Designed for Jon Hill’s redesign of the Daily Telegraph in 2015, Austin News is a collection of four closely related typefaces for headlines and text in both print and screen use. Adapted from the successful Austin families, originally designed for magazines, Austin News has compact ascenders and descenders for tight leading: classic news proportions. Loosely based on the 18th century typefaces cut by Richard Austin for the publisher John Bell, they encapsulate an elegant yet easy Anglo charm, with the clean finish appropriate to contemporary news media. It is also very well suited to the screen, with Text and Deck holding up well even on small handheld devices.
For text sizes, Austin News Text is economical and legible yet pleasing to the reader. With its large x height, heavier serifs, and very short ascenders and descenders, it maintains a comfortable readability down to small sizes on newsprint. Serious in tone, it has a more elegance than a typical news text face, with nuances like the curved leg on the k giving a subtle warmth and personality. Austin News Text features five weights, each with matching italics, from Roman and a slightly heavier Roman No. 2 up to a Fat weight that is well suited for running titles and punching up information graphics.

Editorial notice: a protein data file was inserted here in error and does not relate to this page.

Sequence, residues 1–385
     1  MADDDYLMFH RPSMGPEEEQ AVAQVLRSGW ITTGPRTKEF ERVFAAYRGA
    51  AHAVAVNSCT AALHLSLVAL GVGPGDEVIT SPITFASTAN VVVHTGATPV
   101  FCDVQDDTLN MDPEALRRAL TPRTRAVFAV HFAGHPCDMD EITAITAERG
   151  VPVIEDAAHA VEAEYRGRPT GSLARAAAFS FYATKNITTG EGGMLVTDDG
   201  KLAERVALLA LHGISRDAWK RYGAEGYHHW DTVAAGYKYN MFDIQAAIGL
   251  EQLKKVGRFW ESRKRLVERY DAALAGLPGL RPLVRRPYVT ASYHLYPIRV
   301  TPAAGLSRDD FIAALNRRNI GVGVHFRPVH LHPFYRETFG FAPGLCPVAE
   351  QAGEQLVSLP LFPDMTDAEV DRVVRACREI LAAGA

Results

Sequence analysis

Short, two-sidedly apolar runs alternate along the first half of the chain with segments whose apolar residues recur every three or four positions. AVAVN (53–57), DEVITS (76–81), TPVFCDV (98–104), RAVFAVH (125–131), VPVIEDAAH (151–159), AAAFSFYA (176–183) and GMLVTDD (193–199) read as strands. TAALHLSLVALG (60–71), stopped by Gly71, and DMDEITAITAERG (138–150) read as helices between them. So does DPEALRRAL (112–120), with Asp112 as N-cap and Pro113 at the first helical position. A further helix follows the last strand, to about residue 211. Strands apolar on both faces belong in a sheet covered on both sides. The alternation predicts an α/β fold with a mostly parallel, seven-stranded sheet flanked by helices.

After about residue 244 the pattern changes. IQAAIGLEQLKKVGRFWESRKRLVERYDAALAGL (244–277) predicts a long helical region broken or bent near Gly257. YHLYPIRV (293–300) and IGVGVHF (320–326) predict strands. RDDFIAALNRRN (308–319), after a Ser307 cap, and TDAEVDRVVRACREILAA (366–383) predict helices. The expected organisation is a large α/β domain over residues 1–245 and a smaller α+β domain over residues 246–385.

Designed for large sizes, Austin News Headline is a more robust version of Austin with a greater x-height, lower contrast and thickened serifs. Slightly less compact in horizontal proportions and looser in spacing, while more compact in its vertical proportions, it creates a serious impression. The matching italic has enough individuality to be expressive, but not so much as to become distracting. Designed in a range of eight weights from Light through to an ultra heavy Fat weight, they can cover all manner of stories and degrees of seriousness in newspaper design.
Austin News Headline Condensed is intended for situations where space is at a premium, but stylish type is still a requirement. Its compact proportion looks back to the classic news faces of the early 20th century.
Lastly, Austin News Deck is designed for subheads and other in-between display sizes, where the thin strokes of Headline would be too delicate and the Text too robust.
All sizes of Austin News include alternates that allow the user to fine-tune the overall visual tone: more idiosyncratic with the default K and k, or quieter with the straight-legged alternates, with additional nuances possible in the italics.